Preet, a high net worth financial planner (and former race car driver), is back again! This time, instead of explaining the basics of call options, he shows us a risk reducing options strategy called The Equity Collar. If you are interested in reading more about Preet, you can visit him on his blog WhereDoesAllMyMoneyGo.
I had the opportunity to write about the basics of call options for Million Dollar Journey a few months back and thought I would continue on that theme by presenting a common option strategy known as the "Equity Collar".
Speculation and Hedging are the two main reasons for using derivatives. Speculation is the taking on of risk, and Hedging is the reduction of risk. Within both broad categories, there are varying degrees of each. The Equity Collar is very much a hedging strategy designed to reduce risk.
Perhaps as a means to facilitate understanding I will start with an investor profile and then work in the strategy as a solution to her problem. Let's say that Sally is 64 years old and has accumulated a sizeable portfolio that is strictly invested in an ETF that tracks the entire stock market (collars work with individual stocks too though). Let's say that this stock market is trading at 10,000 right now and the ETF's unit value is $100. The markets have pulled back recently, and Sally is unsure if we have hit bottom or if there is more downside to the markets.
She would like to retire at the end of this year (9 months from now) at which point she has decided she will then switch her portfolio to 50% equities and 50% fixed income. She owns 5000 units of the ETF for a total portfolio value of $500,000.
She feels strongly that with the recent pull-back in the markets that if we are at a bottom, the market will have a positive year and end up at maybe 10,800 points, or up 8%. At the same time, she realizes that in the short term the markets can pull back further and doesn't want to erode her retirement savings any further if that were to happen as she is 9 months away from retirement as mentioned.
If she wanted to protect her portfolio (or insure it from further losses) she could buy a put option on the ETF with a strike price of $100. This put option gives Sally the right (but not the obligation) to sell her ETF shares at the strike price of $100/unit up until the option contract expires. This now protects her from losses in her portfolio up until the expiry date of the option (which in her case would be 9 months from now).
So for example, at the end of the year if the market had dropped from 10,000 down to 9,200 (a loss of 8%), her ETF units will have similarly dropped from $100/unit to $92/unit. However, Sally could exercise her right to sell her units for $100/unit. Therefore she protected her portfolio from loss.
Of course, as with any insurance there is a cost involved which I have omitted up to this point. Let's assume that the cost of the put options are $2/share to purchase. In this case, to completely protect her portfolio she would need to buy 50 put option contracts (an option contract is for 100 shares) to insure her entire $500,000 portfolio. This would cost her $10,000 in total ($2/share x 5000 shares). Once you factor in this cost, then really the portfolio is insured to not fall below $490,000 because you would have to pay this $10,000 cost no matter what happened.
For some people, this cost of insurance might be too high and they may want to find a way to reduce or eliminate it. If Sally were to turn around and SELL a call option (this means she is giving someone ELSE the right, but not the obligation, to buy her units) for a strike price of $110, she might get $1.50/share from the sale of that contract. This is what is known as writing a covered call.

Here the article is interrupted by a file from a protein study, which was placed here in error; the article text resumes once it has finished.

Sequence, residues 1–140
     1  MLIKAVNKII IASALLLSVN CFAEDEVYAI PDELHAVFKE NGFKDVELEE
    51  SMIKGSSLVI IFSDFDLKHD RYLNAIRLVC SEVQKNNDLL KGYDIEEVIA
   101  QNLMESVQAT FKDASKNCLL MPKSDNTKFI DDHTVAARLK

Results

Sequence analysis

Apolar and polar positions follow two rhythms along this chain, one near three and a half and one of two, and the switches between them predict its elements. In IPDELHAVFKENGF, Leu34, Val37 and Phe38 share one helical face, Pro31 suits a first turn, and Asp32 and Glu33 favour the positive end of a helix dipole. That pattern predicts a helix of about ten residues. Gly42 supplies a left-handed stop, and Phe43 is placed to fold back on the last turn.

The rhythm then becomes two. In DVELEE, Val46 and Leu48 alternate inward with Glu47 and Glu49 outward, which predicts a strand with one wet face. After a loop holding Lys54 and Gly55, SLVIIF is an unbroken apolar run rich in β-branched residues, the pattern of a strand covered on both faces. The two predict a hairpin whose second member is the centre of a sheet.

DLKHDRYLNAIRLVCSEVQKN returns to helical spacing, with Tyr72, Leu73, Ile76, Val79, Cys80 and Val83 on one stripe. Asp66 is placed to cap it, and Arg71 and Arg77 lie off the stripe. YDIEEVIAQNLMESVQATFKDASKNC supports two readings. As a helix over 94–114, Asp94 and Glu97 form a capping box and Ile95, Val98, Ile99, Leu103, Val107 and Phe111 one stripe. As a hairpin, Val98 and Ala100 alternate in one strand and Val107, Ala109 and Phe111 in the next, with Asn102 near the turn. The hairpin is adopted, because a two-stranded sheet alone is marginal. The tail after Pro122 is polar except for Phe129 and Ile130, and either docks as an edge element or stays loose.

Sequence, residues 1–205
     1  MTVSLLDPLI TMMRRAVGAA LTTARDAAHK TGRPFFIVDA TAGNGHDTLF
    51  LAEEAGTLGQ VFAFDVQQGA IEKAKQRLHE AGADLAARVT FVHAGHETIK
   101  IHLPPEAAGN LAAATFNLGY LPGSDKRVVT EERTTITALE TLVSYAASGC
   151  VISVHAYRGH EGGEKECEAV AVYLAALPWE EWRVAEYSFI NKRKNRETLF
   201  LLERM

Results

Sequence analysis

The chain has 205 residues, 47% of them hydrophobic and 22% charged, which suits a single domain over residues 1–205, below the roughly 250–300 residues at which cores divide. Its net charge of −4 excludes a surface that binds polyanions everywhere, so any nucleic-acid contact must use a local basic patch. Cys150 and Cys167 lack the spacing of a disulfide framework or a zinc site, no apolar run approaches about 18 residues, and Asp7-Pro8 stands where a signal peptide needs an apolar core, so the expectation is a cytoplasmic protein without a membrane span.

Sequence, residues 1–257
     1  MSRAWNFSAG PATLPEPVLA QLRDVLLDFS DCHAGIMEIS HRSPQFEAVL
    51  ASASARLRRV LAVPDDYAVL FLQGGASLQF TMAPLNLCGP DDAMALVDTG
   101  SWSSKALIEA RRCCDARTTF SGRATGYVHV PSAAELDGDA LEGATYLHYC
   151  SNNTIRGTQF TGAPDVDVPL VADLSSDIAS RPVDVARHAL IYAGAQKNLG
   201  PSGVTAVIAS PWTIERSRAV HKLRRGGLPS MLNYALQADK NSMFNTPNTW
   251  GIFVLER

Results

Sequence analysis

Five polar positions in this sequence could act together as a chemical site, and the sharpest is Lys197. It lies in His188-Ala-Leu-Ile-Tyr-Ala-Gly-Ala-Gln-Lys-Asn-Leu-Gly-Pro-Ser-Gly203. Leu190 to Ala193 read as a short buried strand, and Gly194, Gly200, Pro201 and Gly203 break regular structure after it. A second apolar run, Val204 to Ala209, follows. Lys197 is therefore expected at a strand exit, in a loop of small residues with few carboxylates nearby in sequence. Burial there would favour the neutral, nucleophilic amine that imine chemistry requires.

In this case, if she wrote (sold) 50 call option contracts with a strike price of $110/unit, she would receive $7,500 in premiums ($1.50/share x 5000 shares). This could be used to offset the purchase of the put options of $10,000 for a net cost to Sally of $2,500 versus $10,000.
The trade-off is that she is now guaranteed no more than a 10% gain on her portfolio as the call option holder would exercise their right to buy Sally's shares once they reached over $110/unit.
What is the end result? Sally is guaranteed to have between $497,500 and $547,500 by the time she retires. She has protected her portfolio from a loss of no more than 0.50%, but has limited herself to a maximum possible gain of 9.5%.
It is possible to completely offset the bought put options' premiums with the sold call options' premiums if Sally were to lower the strike price on the call options she sells to perhaps $108. In this case she might command a higher premium of $2/share for selling the call options which would completely offset the cost of the put options. In this case her portfolio would be bound between $500,000 and $540,000 (guaranteed return between 0% and 8%). Again though, Sally is trading off even more upside potential for her portfolio.
- The simultaneous purchase of a put option with the sale of a covered call option is known as the Equity Collar.
I mentioned that an Equity Collar can be implemented with individual stocks and in fact it can be implemented with any optionable security. For a perfect hedge, you would match the options to the underlying security. However, if you have a portfolio of 20 Canadian blue chip stocks, this is a lot of work for a perfect hedge.
An imperfect hedge would use an option on a proxy of your portfolio – which in the case of a portfolio of 20 Canadian blue chip stocks would be options on the TSX/60 index. This would have a high enough degree of correlation to your portfolio that you could accomplish the same results, give or take 50-100 basis points perhaps, with only having to worry about 1 set of puts and calls.
As always, consult with a qualified financial advisor before engaging in any investment strategies.
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